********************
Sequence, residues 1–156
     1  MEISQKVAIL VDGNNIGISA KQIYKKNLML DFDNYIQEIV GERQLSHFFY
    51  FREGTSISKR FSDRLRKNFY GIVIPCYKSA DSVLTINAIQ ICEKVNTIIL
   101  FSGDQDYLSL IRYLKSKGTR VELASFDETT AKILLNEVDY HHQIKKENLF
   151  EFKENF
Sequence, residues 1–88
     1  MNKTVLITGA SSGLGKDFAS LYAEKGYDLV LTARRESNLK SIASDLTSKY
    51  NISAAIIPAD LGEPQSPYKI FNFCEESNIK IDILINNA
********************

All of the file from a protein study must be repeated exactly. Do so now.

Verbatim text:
Sequence, residues 1–156
     1  MEISQKVAIL VDGNNIGISA KQIYKKNLML DFDNYIQEIV GERQLSHFFY
    51  FREGTSISKR FSDRLRKNFY GIVIPCYKSA DSVLTINAIQ ICEKVNTIIL
   101  FSGDQDYLSL IRYLKSKGTR VELASFDETT AKILLNEVDY HHQIKKENLF
   151  EFKENF
Sequence, residues 1–88
     1  MNKTVLITGA SSGLGKDFAS LYAEKGYDLV LTARRESNLK SIASDLTSKY
    51  NISAAIIPAD LGEPQSPYKI FNFCEESNIK IDILINNA